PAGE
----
Despite tantalizing hints that major characters would die in this book, none did. A number of side characters got knocked off the list, but our heroes all survived. Strangely, whereas there is a long-drawn-out mourning sequence for Dobby, we don’t even get to know how Tonks and Lupin died. Even Hedwig is hardly grieved, and it is only Fred’s needless death that momentarily brings Harry’s world crashing around him.
On the bright side, Neville Longbottom emerges as a true hero, wielding the sword of Gryffindor to chop off Nagini’s head, leaving Voldemort defenceless. Luna Lovegood shows that underneath her dreamy personality lies a very courageous person. Percy Weasley is another surprise. Hagrid’s giant brother Grawp has a little cameo, though Hagrid himself is disappointingly absent. And though one expected the inferi to make an appearance in this book, there is no sign of them.
The biggest disappointment is Voldemort, who comes across as a blithering idiot. Even with his soul fractured into over half a dozen pieces, it is difficult to digest that a man of his intelligence and a wizard of his skill could be so disorganized and clueless. His followers seem intent on their own agenda—which is to establish the superiority of pure-blood wizardkind over Muggledom, attempting to attain the sort of social order Stroud’s magicians had over the commoners in the Bartimaeus books.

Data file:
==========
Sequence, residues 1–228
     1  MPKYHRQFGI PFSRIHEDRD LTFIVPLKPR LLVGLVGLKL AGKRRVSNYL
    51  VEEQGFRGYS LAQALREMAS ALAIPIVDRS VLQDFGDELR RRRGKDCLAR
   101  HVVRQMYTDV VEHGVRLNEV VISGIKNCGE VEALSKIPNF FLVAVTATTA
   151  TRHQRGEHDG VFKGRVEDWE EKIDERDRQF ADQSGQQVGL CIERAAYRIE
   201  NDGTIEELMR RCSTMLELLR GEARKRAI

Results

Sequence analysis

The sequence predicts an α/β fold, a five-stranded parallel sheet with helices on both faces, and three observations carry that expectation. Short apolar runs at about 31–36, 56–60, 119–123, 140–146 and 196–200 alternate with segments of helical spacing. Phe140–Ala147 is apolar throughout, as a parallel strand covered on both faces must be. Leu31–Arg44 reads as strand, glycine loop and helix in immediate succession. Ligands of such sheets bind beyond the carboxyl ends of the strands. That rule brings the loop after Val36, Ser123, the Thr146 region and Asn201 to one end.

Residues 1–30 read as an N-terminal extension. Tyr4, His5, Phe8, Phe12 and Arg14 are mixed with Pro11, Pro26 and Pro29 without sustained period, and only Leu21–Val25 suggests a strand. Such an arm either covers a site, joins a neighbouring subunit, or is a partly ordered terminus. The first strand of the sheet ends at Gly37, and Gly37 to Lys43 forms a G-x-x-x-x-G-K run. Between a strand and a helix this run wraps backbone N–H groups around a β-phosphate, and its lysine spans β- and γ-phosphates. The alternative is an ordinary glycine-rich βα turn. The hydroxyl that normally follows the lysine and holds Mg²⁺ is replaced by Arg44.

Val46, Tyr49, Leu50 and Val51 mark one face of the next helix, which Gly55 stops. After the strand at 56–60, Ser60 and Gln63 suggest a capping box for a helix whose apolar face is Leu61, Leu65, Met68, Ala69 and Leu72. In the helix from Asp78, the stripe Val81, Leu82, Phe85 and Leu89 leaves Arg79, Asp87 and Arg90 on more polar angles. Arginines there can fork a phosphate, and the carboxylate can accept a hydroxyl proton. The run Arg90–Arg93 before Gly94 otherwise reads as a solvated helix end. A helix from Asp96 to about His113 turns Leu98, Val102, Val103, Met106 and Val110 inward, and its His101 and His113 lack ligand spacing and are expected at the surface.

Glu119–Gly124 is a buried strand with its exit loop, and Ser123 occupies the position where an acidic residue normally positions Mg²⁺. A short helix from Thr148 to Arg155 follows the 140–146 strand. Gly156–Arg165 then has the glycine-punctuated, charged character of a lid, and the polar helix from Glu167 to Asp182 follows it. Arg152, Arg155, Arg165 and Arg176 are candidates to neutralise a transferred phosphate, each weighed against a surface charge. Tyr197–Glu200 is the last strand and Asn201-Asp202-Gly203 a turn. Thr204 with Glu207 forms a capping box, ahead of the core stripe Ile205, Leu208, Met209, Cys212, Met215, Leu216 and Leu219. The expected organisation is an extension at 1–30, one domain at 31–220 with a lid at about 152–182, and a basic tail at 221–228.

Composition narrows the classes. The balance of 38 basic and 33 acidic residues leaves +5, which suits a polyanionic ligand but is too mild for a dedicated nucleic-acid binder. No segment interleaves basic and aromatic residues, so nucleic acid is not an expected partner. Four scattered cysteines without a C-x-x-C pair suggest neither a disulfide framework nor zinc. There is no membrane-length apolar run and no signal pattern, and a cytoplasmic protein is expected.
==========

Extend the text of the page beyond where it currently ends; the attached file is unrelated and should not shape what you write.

To be honest, the Dark Lord shows a distressing lack of class. Dumbledore, in his final I-me-myself speech, describes Voldemort as greedy, cruel and ignorant. Yet it seems untenable that could have been all of that. Greedy and cruel maybe, but ignorant? Obviously, he must have had some sort of charisma to have sustained his reign. (And why does he need to show off and fly around broom-less when can just as well Disapparate?)
It all makes his death quite an anti-climax. If he was indeed a stupid and ignorant fool, Harry’s victory is quite hollow. In fact, it wasn’t actually Harry’s victory. Voldemort brought about his own downfall and his wand backfired on him. What is a nice touch is that even when Voldemort throws the killing curse at him, Harry’s last word to him is “Expelliarmus!”